Acupuncture for Bell’s Palsy
Previously, I had written about an article about how acupuncture has been shown to be effective for Bell’s Palsy. (Acupuncture for Bell’s Palsy – The De Qi Sensation – link ) The main point of my previous entry was to discuss one major factor in the treatment of Bell’s. This is the Qi sensation.
Today I would like to share another important factor.
The Clinical Course of Bell’s Palsy
Typically, Bell’s palsy would come on after a viral infection. The patient would then note a sudden change in the muscles of the face. Now, this might wax and wane for a few days before it stabilizes. Acupuncture is actually not recommended until after a few days after onset.
Conventional medicine would usually give steroids to lessen the inflammation leading to nerve compression. In fact, Bell’s palsy may get well by itself given time.
Sir Charles Bell – the neurologist who documented what we now call Bell’s Palsy
Acupuncture Timing is Important
In my previous blog entry, we saw how stimulation is important in treatment success. Timing, however, is also very important. A general rule I tell my patients is that “the longer the disease is there, the longer it will probably take to get rid of it.” It’s like a bad habit or vice.
In this article, I would like to discuss two cases of Bell’s Palsy. These, as far as I know, are my best cases in so far as both resulted in complete recovery and in only two sessions each. The common denominator? Both of them came for acupuncture within two weeks of onset of symptoms.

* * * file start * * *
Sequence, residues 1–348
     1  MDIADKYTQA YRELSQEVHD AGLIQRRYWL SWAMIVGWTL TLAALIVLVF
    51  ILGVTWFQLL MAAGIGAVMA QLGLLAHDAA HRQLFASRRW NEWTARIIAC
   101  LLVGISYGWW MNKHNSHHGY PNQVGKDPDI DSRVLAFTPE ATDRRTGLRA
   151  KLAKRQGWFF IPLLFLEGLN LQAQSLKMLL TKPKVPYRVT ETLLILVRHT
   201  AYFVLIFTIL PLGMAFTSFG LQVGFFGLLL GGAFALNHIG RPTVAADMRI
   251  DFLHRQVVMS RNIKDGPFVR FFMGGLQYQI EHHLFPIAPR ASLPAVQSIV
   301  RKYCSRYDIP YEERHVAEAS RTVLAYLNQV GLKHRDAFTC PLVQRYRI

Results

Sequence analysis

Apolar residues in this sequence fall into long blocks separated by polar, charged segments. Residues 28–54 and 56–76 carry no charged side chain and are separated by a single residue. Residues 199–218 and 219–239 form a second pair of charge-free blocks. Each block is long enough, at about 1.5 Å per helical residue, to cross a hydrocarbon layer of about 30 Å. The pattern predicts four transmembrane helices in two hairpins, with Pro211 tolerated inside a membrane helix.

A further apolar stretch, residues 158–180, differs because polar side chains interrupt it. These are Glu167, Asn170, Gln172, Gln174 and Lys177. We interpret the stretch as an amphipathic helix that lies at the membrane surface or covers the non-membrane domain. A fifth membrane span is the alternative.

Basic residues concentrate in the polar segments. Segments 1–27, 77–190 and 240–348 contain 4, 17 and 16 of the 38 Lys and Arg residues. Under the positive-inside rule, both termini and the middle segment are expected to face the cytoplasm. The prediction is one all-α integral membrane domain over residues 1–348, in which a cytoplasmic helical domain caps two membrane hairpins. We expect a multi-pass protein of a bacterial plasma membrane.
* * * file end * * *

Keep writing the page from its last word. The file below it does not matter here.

Male, 53, with 2 day history of Bell’s Palsy
This case was interesting. He came to consult the very day after the symptoms started. Because of the usual cases acupuncture treatment where they recommend needling a few days after onset, I decided to do something different. I used distal points on the hands and feet with the purpose of clearing Wind and opening the channels, as well as needling points on the face on the opposite side of the affected area. In this case, the paralysis was on the left, and I needled on the right.
The patient came back after one week with total resolution of symptoms. He said that the paralysis resolved the next day and never came back.
Female, 51, with 10 day history of Bell’s Palsy
This lady came for consult on the tenth day after onset of symptoms. I did the usual tactics for two sessions then the patient was lost to follow up. This was around May, 2016.
Today she came back for shoulder pain and happily told me that she never came back until now because the paralysis resolved after the two sessions.
I hope that these two cases illustrate the importance of “the sooner, the better”. This applies not just with Bell’s Palsy, but with most cases in general.